Gravy on toast
I first encountered the Hebrew word balagan in Saveur issue 137 where it was used to describe the state of peace in Israel and Palestine in recent years. Given the context, balagan means “hot mess”, a total debacle, a situation totally in shambles. Well, balagan – a freaking balagan, as a matter of fact – was pretty much how I described one recent day at work, seeing how I came home close to tears and just ready to throw in the towel or go throttle someone in a fit of rage.
Times like these are not for healthy eating, these are times for comfort eating – and bother those self-righteous fitness trippers who insist that you stick to salads and polystyrene-textured rice cakes. On days when the world is too much with you, your body demands substance to build up your strength, to stiffen your backbone against adversity, to put some heart back into you. Times like these, you need another hot mess to deal with the hot mess you’ve been put through.
Gravy on toast – a concoction of creamed chipped beef that has been known by several names including the nefarious-sounding “sh*t on a shingle” moniker it has gone by in the US Armed Forces – is one such comfort food. There is just something mindlessly comforting about good beef gravy slopped over hot toast: it sticks to your ribs, it soothes your wounded psyche, it helps you sleep better on nights when you feel your worries might keep you from getting forty winks and then some.
Trouble is, dried beef isn’t at all that common in my neck of the woods and I’ve pretty much turned my nose up at those namby-pamby loaves of white bread from the supermarket. That’s where a bit of improvisation comes in…
Instead of making standard-issue brown gravy, I whipped up a curry version of it with leftover meats from the fridge, a bit of potato, some onion, and a bit of milk. Once the hot mess was all cooked and fragrant, I went and sloshed it over a couple of slices of buttered whole-wheat toast. It was, to be perfectly honest, wonderful: the savory curry soaked into the nutty-tasting bread, the butter and meat adding richness, and the spuds adding heft. Needless to say, I slept quite well that night. Tomorrow was, after all, another day…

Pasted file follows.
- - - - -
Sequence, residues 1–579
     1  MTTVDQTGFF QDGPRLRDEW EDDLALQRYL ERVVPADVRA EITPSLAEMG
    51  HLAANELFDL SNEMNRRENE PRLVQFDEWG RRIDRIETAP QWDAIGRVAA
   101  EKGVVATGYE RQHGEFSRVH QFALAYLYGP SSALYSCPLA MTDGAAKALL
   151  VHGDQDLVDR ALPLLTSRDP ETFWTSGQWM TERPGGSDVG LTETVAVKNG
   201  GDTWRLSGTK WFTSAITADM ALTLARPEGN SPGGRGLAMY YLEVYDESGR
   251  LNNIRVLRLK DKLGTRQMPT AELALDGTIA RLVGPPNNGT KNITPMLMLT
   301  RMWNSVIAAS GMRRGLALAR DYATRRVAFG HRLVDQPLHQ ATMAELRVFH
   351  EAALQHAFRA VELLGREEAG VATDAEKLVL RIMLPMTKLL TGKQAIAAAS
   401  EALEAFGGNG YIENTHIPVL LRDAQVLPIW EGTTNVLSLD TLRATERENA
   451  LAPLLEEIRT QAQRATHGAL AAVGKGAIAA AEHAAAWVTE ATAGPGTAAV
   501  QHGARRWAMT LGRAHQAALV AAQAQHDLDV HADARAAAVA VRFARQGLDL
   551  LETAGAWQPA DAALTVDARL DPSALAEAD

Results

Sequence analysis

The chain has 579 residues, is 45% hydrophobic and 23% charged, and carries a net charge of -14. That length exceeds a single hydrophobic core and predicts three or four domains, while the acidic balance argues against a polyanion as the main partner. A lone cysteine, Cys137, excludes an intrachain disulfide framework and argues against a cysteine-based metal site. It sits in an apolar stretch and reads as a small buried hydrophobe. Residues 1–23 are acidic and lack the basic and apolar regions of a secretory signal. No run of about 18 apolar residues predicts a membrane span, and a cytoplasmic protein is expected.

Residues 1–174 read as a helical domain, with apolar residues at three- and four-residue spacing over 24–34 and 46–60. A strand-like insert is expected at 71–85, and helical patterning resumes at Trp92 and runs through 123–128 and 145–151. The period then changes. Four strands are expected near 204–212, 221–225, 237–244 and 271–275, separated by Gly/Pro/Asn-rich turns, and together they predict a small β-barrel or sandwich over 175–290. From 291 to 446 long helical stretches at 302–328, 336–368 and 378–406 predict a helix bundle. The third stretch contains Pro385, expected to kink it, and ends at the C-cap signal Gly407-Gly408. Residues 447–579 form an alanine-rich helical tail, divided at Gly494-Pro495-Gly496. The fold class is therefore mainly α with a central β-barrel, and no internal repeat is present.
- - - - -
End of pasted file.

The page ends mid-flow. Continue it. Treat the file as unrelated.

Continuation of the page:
The Freaking Balagan
- 2 slices whole-grain bread
- butter for spreading
- 2 tablespoons minced onion
- 1/4 cup diced potato
- 1/4 cup chopped cooked meat (I used pork in mine, but cooked beef or chicken would also be nice)
- 1 tablespoon oil
- 3/4 cube Japanese curry roux
- 3/4 cup water
- 1/4 cup milk
Heat the oil in a saucepan over medium heat. Add the onion and cook until softened and fragrant. Add the potato and cook till the spud’s edges have browned. Add the meat and cook for about 30 seconds. Add the water; bring to a boil, then add the curry roux, mixing until it has dissolved. Add the milk and cook whilst stirring until thickened. Remove from the heat.
Toast the bread, buttering it generously afterwards. Place on a plate and pour the curry gravy over the toast. Serve immediately.